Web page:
Radiation therapy and chemotherapy given before prostatectomy is safe and may have the potential to reduce cancer recurrence and improve patient survival, based on study findings presented this week at the 2009 American Society of Radiology Oncology (ASTRO) conference in Chicago.
"In men with aggressive prostate cancer, standard therapies such as radiation or surgery often fail to eliminate the cancer completely at the site of treatment. When these cancers recur, they are often fatal," said principal investigator Mark Garzotto, MD, associate professor of urology and radiation medicine in the Oregon Health & Science University (OSHU) Knight Cancer Institute; and chief of urologic oncology in the Portland Veterans Affairs Medical Center in Portland, Ore.
Previous clinical trials examining the effect of either hormonal therapy or chemotherapy prior to surgery have shown little if any benefit over prostate removal alone. "Novel approaches are needed if we are to make advances in this disease," Garzotto said.
According to the authors, the use of multimodality therapy—combined radiation, chemotherapy and surgery—has resulted in improved outcomes in a number of cancers, but has not yet been studied in prostate cancer.
Their study looked at whether radiation therapy and chemotherapy (docetaxel) administered before surgery is possible, safe, and, ultimately, capable of preventing cancer recurrences. For the investigation, Garzotto and colleagues developed a treatment regimen in which radiation and docetaxel were administered together before prostatectomy.
They enrolled 12 eligible participants in the study between April 2006 and March 2008. The patients were given intensity-modulated radiation therapy (IMRT) and increasing doses of docetaxel for five consecutive weeks, which was followed by surgical removal of the prostate gland.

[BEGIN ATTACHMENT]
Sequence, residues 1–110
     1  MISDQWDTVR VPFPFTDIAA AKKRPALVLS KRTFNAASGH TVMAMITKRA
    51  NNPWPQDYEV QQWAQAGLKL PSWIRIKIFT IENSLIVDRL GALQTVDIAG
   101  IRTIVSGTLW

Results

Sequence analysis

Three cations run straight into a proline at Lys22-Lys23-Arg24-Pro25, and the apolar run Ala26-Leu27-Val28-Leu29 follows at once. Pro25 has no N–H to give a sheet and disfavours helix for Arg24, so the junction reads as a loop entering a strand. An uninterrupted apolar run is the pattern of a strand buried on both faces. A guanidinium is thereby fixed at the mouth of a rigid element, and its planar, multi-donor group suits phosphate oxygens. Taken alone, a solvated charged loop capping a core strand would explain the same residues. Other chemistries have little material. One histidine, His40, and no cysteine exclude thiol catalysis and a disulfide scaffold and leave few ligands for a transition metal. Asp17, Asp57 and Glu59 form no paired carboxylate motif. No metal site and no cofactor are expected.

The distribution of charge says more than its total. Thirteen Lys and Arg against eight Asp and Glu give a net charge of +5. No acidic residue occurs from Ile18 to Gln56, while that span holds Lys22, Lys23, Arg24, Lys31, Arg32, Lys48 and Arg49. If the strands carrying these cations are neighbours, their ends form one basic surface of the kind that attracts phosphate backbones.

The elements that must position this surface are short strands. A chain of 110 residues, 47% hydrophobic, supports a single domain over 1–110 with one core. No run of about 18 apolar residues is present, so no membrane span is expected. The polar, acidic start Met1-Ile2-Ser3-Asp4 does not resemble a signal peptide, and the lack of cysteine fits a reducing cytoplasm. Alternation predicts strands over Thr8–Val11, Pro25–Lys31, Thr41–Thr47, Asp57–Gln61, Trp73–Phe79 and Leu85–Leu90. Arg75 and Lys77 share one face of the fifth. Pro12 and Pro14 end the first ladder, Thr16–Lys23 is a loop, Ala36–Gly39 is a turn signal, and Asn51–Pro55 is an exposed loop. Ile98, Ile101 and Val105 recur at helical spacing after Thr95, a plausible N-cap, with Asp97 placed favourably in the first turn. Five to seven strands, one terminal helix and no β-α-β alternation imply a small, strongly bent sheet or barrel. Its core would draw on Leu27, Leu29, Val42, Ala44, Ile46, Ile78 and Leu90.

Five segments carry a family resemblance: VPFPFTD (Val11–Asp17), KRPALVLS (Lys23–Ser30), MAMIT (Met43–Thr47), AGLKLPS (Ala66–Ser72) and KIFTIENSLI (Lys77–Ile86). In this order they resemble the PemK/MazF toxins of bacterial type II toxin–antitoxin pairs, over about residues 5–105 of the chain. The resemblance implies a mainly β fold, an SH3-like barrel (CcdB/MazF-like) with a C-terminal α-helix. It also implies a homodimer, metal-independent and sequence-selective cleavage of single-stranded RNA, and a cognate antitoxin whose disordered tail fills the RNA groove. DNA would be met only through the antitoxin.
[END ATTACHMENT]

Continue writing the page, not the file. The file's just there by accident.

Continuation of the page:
The participants tolerated the treatment well and were able to undergo surgery without any major complications, which was a potential concern in this trial, according to the researchers. Specifically there were no rectal or ureteral injuries or blood clots in the legs.
He reported that an examination of the tumor tissue after surgery showed the cancer margins to be clean in 75 percent of patients, which is higher than was expected. Also, prostate-specific antigen levels were undetectable after treatment in all patients.
"Our study is the first-ever clinical trial in prostate cancer to combine radiation, chemotherapy and surgery given as a combination treatment before prostate surgery to potentially provide higher cure rates than traditional approaches with fewer side effects," said co-investigator Arthur Hung, MD, assistant professor of radiation medicine at OHSU Knight Cancer Institute.
The researchers concluded this chemo-radiation combination is feasible and safe and potentially may reduce cancer recurrence rates in a high-risk population. Further, they say the development of this approach now opens the door to the study other drugs in combination with radiation.
Paris-based Sanofi-Aventis funded the study.